Volcker concluded that he would never tame inflation by increasing the Discount Rate, so he had to find another way to reduce the money supply; in effect Volcker was trying to find a practical way to carry out Milton Friedman’s argument that all the Federal Reserve really needed to do was to control the money supply. Volcker decided to directly regulate the level of bank reserves and let the federal funds rate go where it went. The shake-up came in October 1979, in large part because Volcker wanted to show his two immediate predecessors that they were wrong in their argument that the Fed was not able to curb the current level and type of inflation. Volcker was determined to show that the Fed could not only slow down inflation, but actually decrease inflation.
On 6 October 1979, Volcker called an emergency meeting of the Open Market Committee, and with only two exceptions, the OMC endorsed Volcker’s new plan for the Fed to attack inflation. Basically, Volcker set a money supply target using the Fed’s ability to buy and sell government securities/bonds. Also, Volcker knew how to give himself and the Fed some political cover since technically the Fed wasn’t directly setting its sights on increasing interest rates, but regulating the money supply.
Carter, ever the Populist, was certainly not pleased, knowing that banks were making out like bandits with interest rates in the upper-teens while borrowing money from the Fed at interest rates at least six point lower. Carter wanted to know why the Prime Rate was at 19% while inflation was at 13%, but Volcker refused to relent. Carter wanted to show the US that Volcker wasn’t the only anti-inflation show in DC, and on 14 March 1980, Carter made yet another nationwide address on inflation. Carter tried to impose controls on consumer credit, which negatively affected Volcker’s approach and would exacerbate the recession. While it was true that consumers had reached a high level of debt, the idea to restrict consumer spending by restricting consumer credit to increase savings undermined the Fed’s program.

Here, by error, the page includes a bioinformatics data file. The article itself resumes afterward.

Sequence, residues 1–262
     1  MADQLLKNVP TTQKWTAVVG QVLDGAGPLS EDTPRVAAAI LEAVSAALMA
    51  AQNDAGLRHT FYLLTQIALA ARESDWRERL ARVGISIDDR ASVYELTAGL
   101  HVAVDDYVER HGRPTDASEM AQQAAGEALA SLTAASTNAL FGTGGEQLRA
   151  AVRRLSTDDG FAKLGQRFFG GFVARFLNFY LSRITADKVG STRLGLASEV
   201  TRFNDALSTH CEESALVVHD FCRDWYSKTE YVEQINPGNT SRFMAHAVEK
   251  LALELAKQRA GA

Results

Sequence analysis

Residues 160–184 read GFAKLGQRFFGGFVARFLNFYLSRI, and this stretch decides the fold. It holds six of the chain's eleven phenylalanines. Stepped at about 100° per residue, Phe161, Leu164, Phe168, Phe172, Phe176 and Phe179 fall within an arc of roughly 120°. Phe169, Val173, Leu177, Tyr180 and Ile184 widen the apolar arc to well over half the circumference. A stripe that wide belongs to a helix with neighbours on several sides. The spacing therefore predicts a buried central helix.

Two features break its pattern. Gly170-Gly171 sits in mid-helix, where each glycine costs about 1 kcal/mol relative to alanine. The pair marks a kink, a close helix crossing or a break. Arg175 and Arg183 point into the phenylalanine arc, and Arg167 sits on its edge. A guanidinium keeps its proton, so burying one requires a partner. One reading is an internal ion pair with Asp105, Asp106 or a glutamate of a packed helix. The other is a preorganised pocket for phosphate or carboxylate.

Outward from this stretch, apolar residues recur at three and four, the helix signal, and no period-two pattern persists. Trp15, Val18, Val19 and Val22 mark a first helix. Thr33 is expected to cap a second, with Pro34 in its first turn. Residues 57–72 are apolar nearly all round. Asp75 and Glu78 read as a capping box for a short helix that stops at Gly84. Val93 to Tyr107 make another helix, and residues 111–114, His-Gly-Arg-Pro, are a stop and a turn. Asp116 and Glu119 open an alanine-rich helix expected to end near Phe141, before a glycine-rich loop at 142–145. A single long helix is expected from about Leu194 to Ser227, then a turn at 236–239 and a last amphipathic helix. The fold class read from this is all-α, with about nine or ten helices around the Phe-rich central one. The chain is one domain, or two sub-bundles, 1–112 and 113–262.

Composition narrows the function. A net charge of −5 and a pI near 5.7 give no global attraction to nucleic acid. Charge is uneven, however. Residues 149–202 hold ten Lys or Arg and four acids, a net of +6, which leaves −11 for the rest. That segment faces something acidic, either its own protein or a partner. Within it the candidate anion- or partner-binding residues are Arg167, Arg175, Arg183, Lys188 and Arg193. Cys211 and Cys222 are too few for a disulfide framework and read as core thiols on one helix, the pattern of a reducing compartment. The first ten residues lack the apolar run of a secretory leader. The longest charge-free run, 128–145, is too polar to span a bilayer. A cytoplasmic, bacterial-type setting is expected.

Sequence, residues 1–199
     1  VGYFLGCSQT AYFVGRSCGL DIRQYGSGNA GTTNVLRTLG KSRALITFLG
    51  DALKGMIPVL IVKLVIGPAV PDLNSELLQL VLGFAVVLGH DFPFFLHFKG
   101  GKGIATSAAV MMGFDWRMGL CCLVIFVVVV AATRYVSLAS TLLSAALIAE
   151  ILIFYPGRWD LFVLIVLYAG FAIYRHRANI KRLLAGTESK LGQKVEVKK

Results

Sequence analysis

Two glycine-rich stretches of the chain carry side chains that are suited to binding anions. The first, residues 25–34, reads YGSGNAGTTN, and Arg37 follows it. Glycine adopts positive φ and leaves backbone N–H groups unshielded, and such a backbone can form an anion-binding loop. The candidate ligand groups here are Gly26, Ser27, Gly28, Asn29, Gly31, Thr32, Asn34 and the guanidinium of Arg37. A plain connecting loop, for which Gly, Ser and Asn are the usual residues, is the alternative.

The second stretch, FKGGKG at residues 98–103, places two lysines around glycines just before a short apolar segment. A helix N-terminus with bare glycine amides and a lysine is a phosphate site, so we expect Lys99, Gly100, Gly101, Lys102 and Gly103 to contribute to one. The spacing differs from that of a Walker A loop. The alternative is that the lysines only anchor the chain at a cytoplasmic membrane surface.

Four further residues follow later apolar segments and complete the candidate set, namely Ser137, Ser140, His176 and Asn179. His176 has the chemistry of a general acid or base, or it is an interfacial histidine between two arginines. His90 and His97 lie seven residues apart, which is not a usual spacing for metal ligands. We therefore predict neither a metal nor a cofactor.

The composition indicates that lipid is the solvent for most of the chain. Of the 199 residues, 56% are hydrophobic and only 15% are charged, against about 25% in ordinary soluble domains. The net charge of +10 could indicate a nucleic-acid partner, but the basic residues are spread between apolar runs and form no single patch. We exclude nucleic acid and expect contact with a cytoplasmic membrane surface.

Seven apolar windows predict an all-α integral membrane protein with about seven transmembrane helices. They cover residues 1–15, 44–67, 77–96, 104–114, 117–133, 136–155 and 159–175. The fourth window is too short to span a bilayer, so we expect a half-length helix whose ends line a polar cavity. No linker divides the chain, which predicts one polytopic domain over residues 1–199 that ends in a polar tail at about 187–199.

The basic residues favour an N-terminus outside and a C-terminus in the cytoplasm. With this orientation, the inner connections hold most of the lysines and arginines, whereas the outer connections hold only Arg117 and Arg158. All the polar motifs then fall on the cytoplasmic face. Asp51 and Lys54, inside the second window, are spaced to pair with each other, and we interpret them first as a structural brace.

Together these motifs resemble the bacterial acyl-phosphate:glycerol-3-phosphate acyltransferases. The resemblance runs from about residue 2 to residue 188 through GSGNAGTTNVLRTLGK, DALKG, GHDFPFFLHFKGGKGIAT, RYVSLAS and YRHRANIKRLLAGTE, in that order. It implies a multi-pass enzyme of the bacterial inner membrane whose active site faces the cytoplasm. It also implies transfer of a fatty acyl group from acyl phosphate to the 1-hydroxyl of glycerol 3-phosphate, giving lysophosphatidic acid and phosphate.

But Volcker wanted to make the tightening of credit as minimal as possible, believing there was no actual consumer credit problem at all; it was another example in US History of politicians such as Carter not understanding economics. Carter even went so far as to preach to Americans that it was unpatriotic to use credit cards. Volcker feared that Carter’s plan would kill the momentum of the Fed’s plan, and soon and sure enough, consumption (consumer spending) fell off the table.
But unlike Volcker, Carter had to work in the realities of his principles on the one hand and the interests of very powerful people/groups arrayed, in most cases, against him. The US economy grew at 3.3% under Carter, and 3.5% under Reagan. Carter never did achieve his dream of a balanced budget, but that was due more to a lack of revenue than too much government spending. But Carter’s message to the American people from the beginning of his Presidency was that of sacrifice and pain, which would prove to be a political liability in 1980, compared to Reagan’s message of hope and optimism.
Volcker was very complimentary towards Carter, calling the former President courageous. Carter had the courage to make a tough decision that cost him politically, and even helped Reagan win re-election in 1984 in a historic landslide . . . but Carter’s decision to appoint Paul Volcker as Fed Chair has benefited the nation to this day.